Slope of Hope Blog Posts

Slope initially began as a blog, so this is where most of the website’s content resides. Here we have tens of thousands of posts dating back over a decade. These are listed in reverse chronological order. Click on any category icon below to see posts tagged with that particular subject, or click on a word in the category cloud on the right side of the screen for more specific choices.

Platinum Primed with Pressure

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One of the first things we learned about the fire truck was how to prime the pump. If the pump wasn’t primed, there would be no pressure, and thus, no delivery of water from tank, thru hose, to fire.

The experience was many years ago, as a volunteer firefighter living in a tiny rural town.

The firehouse, if one could call it that, was located in the alley right behind my house, and was a shed of a plywood building that was maybe – maybe – twenty inches wider than the truck. These days, fire trucks are easy-handlers. Not then. This truck had no automatic or power anything and was hard.to.handle. Because I lived so close to the truck [and got to it quickly/first], I was the driver on many calls.

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MoaR – Miners of a Royalty (by Violet)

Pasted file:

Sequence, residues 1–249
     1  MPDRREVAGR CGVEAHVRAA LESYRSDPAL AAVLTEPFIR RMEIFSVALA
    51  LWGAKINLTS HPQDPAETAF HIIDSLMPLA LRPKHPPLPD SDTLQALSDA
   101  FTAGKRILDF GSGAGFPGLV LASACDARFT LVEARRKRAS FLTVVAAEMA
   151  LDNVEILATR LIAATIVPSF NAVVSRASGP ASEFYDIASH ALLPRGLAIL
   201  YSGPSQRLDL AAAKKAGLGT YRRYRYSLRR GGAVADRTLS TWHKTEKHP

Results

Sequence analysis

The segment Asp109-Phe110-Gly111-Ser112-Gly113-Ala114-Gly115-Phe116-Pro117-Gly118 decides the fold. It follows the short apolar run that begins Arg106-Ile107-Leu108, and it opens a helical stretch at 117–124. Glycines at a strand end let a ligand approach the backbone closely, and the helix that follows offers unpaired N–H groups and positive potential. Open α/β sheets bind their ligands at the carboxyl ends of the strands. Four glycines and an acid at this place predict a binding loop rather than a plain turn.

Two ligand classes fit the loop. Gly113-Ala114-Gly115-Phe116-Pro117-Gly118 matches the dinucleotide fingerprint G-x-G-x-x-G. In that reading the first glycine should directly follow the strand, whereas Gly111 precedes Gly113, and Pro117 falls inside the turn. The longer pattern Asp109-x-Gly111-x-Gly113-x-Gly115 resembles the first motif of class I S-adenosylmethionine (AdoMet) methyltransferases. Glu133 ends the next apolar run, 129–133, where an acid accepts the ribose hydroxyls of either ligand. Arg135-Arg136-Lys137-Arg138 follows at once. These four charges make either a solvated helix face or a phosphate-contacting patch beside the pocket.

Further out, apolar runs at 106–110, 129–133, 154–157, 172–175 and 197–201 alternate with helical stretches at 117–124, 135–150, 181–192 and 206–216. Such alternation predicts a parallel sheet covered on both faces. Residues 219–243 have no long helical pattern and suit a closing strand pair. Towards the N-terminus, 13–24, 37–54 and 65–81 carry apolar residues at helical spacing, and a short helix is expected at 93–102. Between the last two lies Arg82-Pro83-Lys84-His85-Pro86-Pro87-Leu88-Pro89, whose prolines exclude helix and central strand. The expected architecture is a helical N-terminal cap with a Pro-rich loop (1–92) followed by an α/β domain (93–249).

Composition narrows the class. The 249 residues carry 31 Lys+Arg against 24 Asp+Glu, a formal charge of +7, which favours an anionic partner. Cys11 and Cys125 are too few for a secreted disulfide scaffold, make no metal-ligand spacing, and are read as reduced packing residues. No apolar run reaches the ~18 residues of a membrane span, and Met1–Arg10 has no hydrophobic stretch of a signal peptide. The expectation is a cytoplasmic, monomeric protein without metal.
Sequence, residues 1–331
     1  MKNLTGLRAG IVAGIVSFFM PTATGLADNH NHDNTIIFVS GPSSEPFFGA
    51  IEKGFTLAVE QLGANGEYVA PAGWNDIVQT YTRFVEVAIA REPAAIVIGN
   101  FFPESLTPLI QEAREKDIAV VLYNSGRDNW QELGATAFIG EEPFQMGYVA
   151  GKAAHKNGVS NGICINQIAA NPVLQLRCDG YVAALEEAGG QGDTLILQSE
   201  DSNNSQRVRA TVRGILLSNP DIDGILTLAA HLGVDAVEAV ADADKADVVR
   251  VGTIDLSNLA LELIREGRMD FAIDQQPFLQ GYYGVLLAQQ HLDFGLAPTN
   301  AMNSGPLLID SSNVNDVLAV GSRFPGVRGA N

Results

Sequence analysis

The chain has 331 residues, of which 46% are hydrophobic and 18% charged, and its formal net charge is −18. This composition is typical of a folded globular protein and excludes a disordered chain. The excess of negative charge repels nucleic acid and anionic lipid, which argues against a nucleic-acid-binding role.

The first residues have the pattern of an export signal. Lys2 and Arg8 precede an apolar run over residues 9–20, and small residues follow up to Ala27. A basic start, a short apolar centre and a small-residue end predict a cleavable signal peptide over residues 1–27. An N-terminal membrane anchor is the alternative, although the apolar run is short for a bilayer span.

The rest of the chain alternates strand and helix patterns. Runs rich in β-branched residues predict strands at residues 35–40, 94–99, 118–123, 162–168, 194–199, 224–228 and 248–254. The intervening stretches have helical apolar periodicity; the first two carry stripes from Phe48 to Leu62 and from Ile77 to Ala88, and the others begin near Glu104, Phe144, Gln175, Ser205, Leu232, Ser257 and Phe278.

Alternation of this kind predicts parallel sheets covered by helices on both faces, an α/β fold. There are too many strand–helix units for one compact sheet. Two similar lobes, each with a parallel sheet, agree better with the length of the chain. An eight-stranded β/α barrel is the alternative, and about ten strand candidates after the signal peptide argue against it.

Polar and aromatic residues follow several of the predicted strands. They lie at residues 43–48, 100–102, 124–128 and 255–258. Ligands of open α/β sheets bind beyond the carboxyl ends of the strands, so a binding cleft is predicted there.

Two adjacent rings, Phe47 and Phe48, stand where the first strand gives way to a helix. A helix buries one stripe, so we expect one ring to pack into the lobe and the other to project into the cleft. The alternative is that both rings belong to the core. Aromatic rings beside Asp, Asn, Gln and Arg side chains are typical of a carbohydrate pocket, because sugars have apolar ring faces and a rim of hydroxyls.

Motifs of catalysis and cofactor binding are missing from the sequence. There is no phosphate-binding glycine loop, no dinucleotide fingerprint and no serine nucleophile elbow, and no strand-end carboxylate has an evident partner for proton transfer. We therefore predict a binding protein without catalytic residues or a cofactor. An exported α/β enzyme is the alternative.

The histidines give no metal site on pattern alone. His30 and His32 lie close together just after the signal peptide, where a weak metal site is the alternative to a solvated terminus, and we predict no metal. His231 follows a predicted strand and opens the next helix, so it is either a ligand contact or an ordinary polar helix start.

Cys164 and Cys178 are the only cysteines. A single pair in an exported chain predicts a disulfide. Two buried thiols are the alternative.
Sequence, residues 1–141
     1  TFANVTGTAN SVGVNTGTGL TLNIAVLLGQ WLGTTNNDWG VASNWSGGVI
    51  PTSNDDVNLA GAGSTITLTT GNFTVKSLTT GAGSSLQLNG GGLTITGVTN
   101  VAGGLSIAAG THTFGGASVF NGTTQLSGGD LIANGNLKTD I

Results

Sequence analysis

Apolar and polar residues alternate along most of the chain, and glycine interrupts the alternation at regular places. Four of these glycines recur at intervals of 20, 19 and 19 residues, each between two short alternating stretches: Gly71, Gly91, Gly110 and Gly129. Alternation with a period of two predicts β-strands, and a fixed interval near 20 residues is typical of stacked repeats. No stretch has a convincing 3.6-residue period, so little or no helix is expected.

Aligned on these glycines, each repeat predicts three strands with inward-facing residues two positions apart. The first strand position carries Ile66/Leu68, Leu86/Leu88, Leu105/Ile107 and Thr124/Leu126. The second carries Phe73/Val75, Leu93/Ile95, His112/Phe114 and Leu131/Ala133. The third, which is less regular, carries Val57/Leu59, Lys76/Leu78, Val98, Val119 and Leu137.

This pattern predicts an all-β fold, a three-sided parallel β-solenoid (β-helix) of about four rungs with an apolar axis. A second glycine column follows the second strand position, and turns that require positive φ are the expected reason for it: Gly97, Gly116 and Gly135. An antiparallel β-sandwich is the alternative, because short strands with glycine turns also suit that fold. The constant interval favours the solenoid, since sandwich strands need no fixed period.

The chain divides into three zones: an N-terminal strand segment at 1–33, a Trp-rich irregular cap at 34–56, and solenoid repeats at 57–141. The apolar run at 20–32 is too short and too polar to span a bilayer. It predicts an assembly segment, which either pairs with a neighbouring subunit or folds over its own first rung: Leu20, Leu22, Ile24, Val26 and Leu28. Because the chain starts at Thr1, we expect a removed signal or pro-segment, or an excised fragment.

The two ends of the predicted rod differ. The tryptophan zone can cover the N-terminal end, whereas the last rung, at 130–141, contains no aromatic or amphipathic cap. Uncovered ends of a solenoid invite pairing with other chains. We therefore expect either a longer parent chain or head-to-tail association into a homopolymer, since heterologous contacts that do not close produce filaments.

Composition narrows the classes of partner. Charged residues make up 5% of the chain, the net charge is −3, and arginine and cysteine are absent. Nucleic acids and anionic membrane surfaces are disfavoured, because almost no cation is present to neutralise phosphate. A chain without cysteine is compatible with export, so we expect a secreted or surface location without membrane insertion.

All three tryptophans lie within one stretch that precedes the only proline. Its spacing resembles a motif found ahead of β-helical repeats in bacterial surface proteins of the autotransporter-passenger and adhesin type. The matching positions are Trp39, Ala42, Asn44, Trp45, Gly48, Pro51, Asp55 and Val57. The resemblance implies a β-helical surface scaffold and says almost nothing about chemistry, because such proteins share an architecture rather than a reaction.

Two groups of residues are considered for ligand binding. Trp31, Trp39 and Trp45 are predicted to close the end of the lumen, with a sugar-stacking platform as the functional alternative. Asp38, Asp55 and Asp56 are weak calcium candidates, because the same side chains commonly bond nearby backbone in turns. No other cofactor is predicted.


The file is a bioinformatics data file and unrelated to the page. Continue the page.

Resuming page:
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As we are now in the early stage of a fundamentally-driven gold uptrend, we’re speaking here, not of gold mining companies that actually own and operate mines, but those companies that provide capital to gold mining operations.

Streaming and Royalty companies provide cash up front to develop a mine, and in exchange, once the mine is active they get to buy a certain amount of gold and silver at far below market prices, or get a percentage of the output.

Companies in the royalty/streaming arena are considered lower risk as they have no direct exposure to the operating risk that mining companies generally face.

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Bemoan Beloved Boeing

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Beloved Boeing is said to be too big to fail.  For many, many years the stock has blessed its shareholders with rising prices.  Recent events and the following charts tell the tale of a now beleaguered Boeing.

Boeing’s outgoing CEO gets $62 million; it’s more than that when Muilenburg’s stock options and money accumulated in his pension and deferred compensation account are added.

The company faces $5.4 million in FAA fines for using faulty parts, their biggest supplier plans to layoff 20% of its work force because of halted production on the 737Max, and the company has earmarked $6.1 billion to pay in compensation over the 737 crashes.

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